The Empire State Building and Presidential History

The Empire State Building illuminated for the 2012 Presidential election. Image via the New York Daily News

Last night media outlets competed for viewership by illustrating election results in new and appealing ways.  There were running tickers, fancy graphics and maps.  Every station pulled out all the stops, bells and whistles, but my favorite was CNN who partnered with the Empire State Building to display the electoral tally in the NYC skyline.

The 102 story skyscraper has been a Manhattan landmark for 81 years. Completed in 1931, it was the first building to have more than 100 floors and was the tallest skyscraper in the world until 1972 when it was surpassed in height by the World Trade Center.  After 9/11 it was New York’s tallest building until the World Trade Center 1 building’s recent construction.  Unlike most NYC skyscrapers, all four sides of the Empire State Building can be seen from the street making it a suburb choice for displaying the election results.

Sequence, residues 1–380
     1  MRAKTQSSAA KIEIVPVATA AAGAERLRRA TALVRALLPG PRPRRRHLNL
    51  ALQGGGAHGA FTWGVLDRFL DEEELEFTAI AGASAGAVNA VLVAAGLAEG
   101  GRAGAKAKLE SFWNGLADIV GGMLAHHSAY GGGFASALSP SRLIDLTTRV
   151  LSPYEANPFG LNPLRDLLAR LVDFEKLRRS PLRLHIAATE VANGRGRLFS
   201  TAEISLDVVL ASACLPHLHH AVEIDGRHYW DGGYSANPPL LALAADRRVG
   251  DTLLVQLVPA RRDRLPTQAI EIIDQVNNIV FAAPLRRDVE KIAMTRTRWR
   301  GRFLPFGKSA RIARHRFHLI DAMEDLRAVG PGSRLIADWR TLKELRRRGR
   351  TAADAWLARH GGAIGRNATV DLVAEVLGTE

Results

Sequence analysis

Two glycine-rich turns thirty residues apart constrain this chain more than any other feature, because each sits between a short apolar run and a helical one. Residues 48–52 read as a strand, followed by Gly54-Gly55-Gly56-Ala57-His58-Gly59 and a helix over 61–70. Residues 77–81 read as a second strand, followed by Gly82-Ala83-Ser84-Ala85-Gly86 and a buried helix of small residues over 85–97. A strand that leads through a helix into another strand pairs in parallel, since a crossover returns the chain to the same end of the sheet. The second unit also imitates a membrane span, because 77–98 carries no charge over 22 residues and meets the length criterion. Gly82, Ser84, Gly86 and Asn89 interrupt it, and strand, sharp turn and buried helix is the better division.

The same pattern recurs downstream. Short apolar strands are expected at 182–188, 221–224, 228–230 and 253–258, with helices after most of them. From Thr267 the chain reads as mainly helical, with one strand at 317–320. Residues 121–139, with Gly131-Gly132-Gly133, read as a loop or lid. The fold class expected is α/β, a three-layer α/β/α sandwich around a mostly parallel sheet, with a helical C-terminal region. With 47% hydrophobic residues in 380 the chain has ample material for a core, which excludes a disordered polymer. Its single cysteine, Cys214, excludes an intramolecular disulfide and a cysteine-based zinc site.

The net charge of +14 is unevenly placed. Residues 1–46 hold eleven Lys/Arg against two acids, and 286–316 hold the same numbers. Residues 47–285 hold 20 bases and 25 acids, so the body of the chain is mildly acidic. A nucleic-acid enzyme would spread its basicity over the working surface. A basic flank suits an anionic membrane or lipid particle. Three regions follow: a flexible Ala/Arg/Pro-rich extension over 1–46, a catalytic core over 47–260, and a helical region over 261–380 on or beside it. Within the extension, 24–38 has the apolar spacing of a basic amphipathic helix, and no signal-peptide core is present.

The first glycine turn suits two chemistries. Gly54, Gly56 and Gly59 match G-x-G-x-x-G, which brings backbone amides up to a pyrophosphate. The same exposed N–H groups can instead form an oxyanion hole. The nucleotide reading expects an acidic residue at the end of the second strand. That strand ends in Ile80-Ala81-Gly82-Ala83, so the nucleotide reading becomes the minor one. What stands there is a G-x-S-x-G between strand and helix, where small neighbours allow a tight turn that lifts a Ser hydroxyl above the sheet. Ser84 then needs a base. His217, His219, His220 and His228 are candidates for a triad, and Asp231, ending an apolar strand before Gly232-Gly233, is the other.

The meter atop the ESB shows the electoral college tally at 8:23 PM. Image via The Huffington Post.

The top 16 floors of the building are tiered or stepped, a shape typical of Art Deco architecture.  Its distinctive Art Deco spire was originally designed as a mooring mast and depot for dirigibles. Don’t know what a dirigible is? Neither did I!  Dirigibles are airships – as in Zepplins and blimps!  The 102nd floor was intended to be used as a landing platform and gangplank for airships to dock.  This plan proved to be unsafe and was quickly abandoned.   A large broadcast tower was added to the top of the spire in 1953.

For the election, the stepped portion of the building was patriotically lit in red, white, and blue LED lights.  The mast was turned into a vertical meter – two sides lit with red lights, two sides lit with blue – to show Romney and Obama’s race to 270 electoral votes.

The ESB’s electoral meter showing the final tally for the 2012 Presidential election. Image via Digital Spy.

While this is the first time in its history that the building has been used as a meter, it is not its first brush with presidential history.  The building officially opened on May 1, 1931 when President Herbert Hoover turned on the building’s lights by pushing a button in Washington, DC.   The following year, tower lights were used atop the building for the first time to signal the victory of Franklin Delano Roosevelt over Hoover.

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